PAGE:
Father Claro Conde, Parish Priest of the Corpus Christi with St Joseph diocese in Portsmouth, has been raising awareness about the British-based Filipinos who have died from COVID-19 and providing moral and spiritual support to their loved ones. S&C Co-founding Editor and author of a book on the contemporary Philippines, The Realm of the Punisher, Tom Sykes reports.
Fr Conde has converted the lounge of his North End home into a shrine to the approximately 80 OFWs (overseas Filipino workers) who have succumbed to COVID-19 in the UK. In front of an altar adorned with British and Philippine flags is a wall of photographs of the deceased, most of whom worked in the NHS.
‘When these people were very ill their families could not visit them in the wards,’ says Fr Conde, peering at the photos over his half-moon glasses. ‘I was willing to speak to the victims and their families by phone and say prayers for them. That provided some relief.’ Fr Conde, 65, has also been conducting masses live on Facebook for the benefit of friends and family members abroad.
Several factors are behind the disproportionately high number of Filipino deaths, in Fr Conde’s view. ‘It may be a fault of our culture that we cannot say no when we are asked to do things like extra shifts at work,’ he says. ‘One of the youngest victims, a male nurse, worked and worked until he collapsed and died from his symptoms. He needed to earn money to send home to his family in the Philippines.’
2.2 million other OFWs across the world – 40% of whom are employed in healthcare, domestic labour and menial jobs – are under similar pressures. In 2019, foreign remittances to the Philippines amounted to $33.5 billion or 10 per cent of the country’s GDP. This burden is borne mostly by women, who account for 56% of all OFWs.
A further challenge facing the Filipinos Fr Conde supports is that they must pay a share of their salary to the agencies that arranged their employment in the UK. ‘During the last Labour government, the hospitals would cover these fees,’ he says. ‘But then Theresa May changed the regulations and made the workers themselves liable. Now people come to me and complain they are in debt before they have even started working.’
Fr Conde’s shrine also commemorates domestic servants who were exploited and abused by unscrupulous bosses. One such woman died of COVID-19 in the family home she worked in because her visa, which was ‘tied to’ her employer’s, made her ineligible for NHS treatment. Again, had the policies been different, she may have lived, believes Fr Conde.
‘In the 1990s, such migrant labourers who came to the UK could have their own passports,’ he says. ‘That meant they were freer to change jobs if they were mistreated. The “hostile environment” reversed that.’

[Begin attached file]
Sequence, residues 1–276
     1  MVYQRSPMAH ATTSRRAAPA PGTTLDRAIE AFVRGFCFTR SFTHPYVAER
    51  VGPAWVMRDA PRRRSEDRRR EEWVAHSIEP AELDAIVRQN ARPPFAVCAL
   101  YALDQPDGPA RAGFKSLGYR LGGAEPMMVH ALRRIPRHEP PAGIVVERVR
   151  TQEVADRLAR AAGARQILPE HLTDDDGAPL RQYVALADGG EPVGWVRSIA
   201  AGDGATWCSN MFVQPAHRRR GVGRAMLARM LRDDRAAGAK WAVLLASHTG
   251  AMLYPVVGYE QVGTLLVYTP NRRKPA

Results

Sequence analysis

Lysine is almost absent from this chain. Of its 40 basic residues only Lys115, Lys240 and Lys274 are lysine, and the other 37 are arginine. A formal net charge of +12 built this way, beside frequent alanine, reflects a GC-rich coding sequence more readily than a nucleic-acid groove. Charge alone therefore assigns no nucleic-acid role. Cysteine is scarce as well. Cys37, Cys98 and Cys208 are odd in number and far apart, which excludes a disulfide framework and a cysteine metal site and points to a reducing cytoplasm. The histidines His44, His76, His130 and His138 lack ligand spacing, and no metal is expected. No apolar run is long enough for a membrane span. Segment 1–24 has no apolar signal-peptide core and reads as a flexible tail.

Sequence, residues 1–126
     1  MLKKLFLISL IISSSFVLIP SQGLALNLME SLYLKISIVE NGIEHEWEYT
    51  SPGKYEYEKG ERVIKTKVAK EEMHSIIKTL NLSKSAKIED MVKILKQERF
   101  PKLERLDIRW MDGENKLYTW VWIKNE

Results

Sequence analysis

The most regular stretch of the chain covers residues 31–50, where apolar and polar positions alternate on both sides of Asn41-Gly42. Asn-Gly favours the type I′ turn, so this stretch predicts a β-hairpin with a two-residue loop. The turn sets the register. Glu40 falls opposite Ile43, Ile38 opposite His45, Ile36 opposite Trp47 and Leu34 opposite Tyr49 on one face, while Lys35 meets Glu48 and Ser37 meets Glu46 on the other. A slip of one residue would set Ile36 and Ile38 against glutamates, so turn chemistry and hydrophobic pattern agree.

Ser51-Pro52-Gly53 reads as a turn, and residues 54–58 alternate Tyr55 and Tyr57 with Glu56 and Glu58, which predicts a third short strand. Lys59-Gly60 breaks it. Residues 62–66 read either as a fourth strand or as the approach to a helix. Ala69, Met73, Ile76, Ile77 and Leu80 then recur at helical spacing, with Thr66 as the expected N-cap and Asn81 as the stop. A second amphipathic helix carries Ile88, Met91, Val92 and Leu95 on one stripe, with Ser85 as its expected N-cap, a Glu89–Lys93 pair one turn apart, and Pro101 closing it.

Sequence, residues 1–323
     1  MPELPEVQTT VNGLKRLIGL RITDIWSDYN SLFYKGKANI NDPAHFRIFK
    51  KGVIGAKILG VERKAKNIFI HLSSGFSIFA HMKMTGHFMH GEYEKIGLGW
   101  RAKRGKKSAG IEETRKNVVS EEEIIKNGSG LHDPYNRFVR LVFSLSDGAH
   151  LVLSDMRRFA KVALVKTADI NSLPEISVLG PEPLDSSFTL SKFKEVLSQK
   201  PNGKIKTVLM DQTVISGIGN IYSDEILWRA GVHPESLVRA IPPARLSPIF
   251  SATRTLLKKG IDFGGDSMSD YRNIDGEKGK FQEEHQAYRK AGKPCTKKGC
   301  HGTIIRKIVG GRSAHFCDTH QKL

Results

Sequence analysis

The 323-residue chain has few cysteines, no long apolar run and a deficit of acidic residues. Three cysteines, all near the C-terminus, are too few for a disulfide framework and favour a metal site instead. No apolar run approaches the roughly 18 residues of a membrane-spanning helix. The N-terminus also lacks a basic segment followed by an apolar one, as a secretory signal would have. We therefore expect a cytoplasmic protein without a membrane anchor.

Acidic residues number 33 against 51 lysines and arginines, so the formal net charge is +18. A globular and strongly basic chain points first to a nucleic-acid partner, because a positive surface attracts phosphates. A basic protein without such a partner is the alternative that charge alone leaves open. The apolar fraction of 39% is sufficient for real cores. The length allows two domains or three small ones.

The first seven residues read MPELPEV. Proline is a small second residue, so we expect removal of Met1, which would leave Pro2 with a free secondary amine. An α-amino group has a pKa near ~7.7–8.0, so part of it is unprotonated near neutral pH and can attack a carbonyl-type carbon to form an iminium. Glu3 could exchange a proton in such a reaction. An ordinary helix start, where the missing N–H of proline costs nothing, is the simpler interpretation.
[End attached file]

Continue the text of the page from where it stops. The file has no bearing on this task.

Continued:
Advocating for domestic workers was amongst Fr Conde’s first duties when he relocated from Iloilo City in the Philippines to the UK in 1994. ‘I translated for a Filipino Muslim woman who did not speak very good English or Tagalog [the national language of the Philippines],’ he says. ‘The wealthy Saudi family she worked for would tie her up in their kitchen. It was slavery and I could not believe it was happening in England!’
The family was never brought to justice – and nor have any other Saudis for such crimes, according to Fr Conde. ‘I think this is to do with Britain wanting to maintain a good relationship with Saudi Arabia,’ he says. ‘The arms deals alone are worth billions.’
For a clergyman of Fr Conde’s background, there is no contradiction between clerical duties and political activism. Trained in left-wing liberation theology in the 1970s, Fr Conde spent his early years as a priest living in the poorest slums and villages of the Philippines. ‘This led me to “a situational analysis”: an understanding that poverty is not created by God, but caused by the structures of our society, by greed, by political power and ultimately by capitalism,’ he says. ‘Jesus was always on the side of the poor and the marginalised.’
Before moving to the UK, Fr Conde campaigned against the Marcos dictatorship, which was overthrown in 1986 by a popular struggle involving the Philippine Catholic Church. However, the modern British Catholic Church is not so progressive, Fr Conde has found. ‘Young priests here are trained in a traditionalist and conservative way.’ This is representative of a wider conflict in the Church between the ‘Christian socialism’ of the current Pope Francis and ‘the pro-capitalist’ ideology of British and American Catholics, according to Fr Conde.
Is Fr Conde optimistic about the impact of his prayers, counsel and activism in this difficult time? ‘We lobbied for the COVID-19 compensation scheme for nurses,’ he says. ‘While it cannot bring anyone back from the dead, it is positive.’
‘We must stop more Filipinos dying. That means proper PPE, no more overwork, no more mistreatment.’
Photograph by Moshe Tasky.